Gov. Tim Pawlenty says the state will hire additional foreclosure prevention counselors to help people who are having trouble paying their mortgages.
Pawlenty says the Minnesota Housing Finance Agency will dedicate $1 million, and private and local agencies will kick in another $800,000.
The governor estimates that the additional 19 counselors will reduce an estimated 5,700 foreclosures in Minnesota. Pawlenty says he hopes people who are struggling to pay their mortgages will ask for help.
"There is a resistance sometimes for people who are in these situations to ask for help. They feel like there is some shame, or some need to be secret or private about it," says Pawlenty. "We want to encourage people that there is no problem or shame, and they shouldn't let pride get in the way of asking for help."
None of the aid will go directly to homeowners in crisis.
Pawlenty said the counselors can advise them on switching from adjustable to fixed-rate mortgages, working out more affordable payment plans and referring them to organizations that offer financial aid. He acknowledged it won't help everyone in need.
"We hope it leads to financial relief," said the Republican governor. "It won't in all cases, but in some cases it will. This is not going to solve all the problems but it will help."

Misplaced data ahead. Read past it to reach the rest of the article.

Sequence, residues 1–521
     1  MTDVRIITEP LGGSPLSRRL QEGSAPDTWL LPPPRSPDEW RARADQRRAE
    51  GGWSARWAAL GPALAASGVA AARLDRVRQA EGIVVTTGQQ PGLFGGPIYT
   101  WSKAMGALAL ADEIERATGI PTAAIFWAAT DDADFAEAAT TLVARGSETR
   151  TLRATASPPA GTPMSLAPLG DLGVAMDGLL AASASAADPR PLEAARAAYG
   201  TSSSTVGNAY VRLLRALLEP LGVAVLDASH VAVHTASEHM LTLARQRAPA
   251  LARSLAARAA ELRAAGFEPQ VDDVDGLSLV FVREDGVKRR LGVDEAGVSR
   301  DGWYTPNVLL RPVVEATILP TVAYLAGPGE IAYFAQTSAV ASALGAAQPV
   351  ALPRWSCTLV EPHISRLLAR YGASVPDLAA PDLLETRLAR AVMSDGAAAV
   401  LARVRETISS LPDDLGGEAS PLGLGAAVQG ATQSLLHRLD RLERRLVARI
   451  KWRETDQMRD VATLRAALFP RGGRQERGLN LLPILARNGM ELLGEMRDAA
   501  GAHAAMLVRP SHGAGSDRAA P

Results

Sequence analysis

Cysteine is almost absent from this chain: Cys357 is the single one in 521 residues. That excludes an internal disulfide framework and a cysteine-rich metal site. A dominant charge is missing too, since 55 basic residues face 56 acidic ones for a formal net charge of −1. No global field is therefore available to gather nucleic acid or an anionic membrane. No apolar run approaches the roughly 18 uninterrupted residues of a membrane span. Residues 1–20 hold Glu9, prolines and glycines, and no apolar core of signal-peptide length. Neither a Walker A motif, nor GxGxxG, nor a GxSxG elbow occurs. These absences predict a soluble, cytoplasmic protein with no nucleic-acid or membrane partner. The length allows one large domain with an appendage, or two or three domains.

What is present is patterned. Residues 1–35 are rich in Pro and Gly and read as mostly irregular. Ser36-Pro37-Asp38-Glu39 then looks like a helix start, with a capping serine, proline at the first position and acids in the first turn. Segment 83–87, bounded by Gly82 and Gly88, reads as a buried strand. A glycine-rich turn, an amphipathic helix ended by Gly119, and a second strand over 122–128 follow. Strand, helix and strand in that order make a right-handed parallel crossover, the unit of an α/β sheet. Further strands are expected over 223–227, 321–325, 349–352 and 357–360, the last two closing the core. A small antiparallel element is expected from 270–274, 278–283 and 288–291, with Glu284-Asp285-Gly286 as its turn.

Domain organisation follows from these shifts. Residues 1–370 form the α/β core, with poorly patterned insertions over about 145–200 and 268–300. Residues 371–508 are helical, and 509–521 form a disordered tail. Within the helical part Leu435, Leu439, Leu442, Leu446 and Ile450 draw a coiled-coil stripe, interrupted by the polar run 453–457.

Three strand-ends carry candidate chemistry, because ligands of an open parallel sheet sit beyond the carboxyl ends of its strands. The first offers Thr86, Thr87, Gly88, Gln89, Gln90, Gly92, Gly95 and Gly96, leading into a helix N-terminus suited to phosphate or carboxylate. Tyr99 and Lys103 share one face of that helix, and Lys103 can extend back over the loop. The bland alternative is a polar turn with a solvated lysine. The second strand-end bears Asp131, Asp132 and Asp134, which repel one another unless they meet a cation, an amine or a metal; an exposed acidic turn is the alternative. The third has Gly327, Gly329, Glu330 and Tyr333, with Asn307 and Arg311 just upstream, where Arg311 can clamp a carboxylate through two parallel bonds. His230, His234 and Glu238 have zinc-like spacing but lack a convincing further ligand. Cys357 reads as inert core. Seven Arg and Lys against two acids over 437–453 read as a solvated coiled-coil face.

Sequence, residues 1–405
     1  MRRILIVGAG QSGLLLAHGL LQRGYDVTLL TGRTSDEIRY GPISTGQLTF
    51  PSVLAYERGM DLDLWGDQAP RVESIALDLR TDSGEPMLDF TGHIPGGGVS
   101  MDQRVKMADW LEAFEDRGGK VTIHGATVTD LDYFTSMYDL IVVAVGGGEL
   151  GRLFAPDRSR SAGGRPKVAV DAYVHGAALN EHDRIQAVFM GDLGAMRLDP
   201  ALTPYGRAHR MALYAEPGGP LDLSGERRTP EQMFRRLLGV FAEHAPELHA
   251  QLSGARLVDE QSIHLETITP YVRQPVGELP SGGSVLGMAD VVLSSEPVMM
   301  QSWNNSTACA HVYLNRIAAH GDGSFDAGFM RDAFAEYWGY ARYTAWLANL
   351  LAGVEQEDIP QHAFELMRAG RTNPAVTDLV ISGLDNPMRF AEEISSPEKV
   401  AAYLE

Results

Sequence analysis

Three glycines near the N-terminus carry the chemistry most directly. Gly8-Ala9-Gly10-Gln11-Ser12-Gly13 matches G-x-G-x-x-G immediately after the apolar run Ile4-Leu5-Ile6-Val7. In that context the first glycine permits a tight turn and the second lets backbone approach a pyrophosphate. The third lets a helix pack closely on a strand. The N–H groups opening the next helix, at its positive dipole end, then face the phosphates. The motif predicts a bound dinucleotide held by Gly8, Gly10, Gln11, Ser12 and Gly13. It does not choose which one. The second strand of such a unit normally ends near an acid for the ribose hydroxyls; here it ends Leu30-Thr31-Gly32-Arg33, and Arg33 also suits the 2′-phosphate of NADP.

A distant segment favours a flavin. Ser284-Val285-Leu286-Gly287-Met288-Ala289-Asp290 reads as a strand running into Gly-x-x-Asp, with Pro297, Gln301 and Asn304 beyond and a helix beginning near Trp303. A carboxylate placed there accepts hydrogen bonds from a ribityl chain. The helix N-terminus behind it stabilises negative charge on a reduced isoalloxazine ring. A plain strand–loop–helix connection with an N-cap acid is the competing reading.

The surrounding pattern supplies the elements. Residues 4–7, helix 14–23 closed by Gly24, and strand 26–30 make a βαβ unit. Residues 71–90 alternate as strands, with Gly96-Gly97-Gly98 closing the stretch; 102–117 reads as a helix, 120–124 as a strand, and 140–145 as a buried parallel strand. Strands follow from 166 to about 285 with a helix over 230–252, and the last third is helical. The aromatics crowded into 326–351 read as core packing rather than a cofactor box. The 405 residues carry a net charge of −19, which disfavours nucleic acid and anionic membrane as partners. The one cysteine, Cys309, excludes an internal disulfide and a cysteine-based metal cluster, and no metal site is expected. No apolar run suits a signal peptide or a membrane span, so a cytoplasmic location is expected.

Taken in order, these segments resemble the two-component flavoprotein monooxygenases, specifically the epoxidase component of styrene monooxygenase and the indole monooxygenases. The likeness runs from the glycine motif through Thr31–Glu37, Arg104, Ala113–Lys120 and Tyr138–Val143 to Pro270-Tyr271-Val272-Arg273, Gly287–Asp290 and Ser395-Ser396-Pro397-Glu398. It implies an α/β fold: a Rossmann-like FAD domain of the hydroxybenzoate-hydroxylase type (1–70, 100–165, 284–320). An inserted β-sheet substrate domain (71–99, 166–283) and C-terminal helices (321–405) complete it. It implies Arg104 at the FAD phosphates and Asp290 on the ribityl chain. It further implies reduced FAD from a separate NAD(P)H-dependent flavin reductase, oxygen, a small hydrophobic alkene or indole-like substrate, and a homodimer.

The subprime mortgage crisis is causing problems for Minnesota's entire economy.
An estimate by the Greater Minnesota Housing Fund says 80,000 families are expected to fall behind on their mortgage payments by the end of the year.
More than 20,000 households will probably lose their homes to foreclosure by Dec. 31, according to the Minneapolis-based nonprofit HousingLink.
The figures are based on sheriff's sales of foreclosed homes in most Minnesota counties during the first nine months of 2007, and projections for the rest of the year.
The hardest-hit areas include the Twin Cities metropolitan area and outlying counties such as Isanti, Mille Lacs, Sherburne and Pine.
Commerce Commissioner Glenn Wilson urged struggling homeowners to contact their banks as soon as possible, because he said the chances of avoiding a foreclosure are best when payment problems are tackled quickly.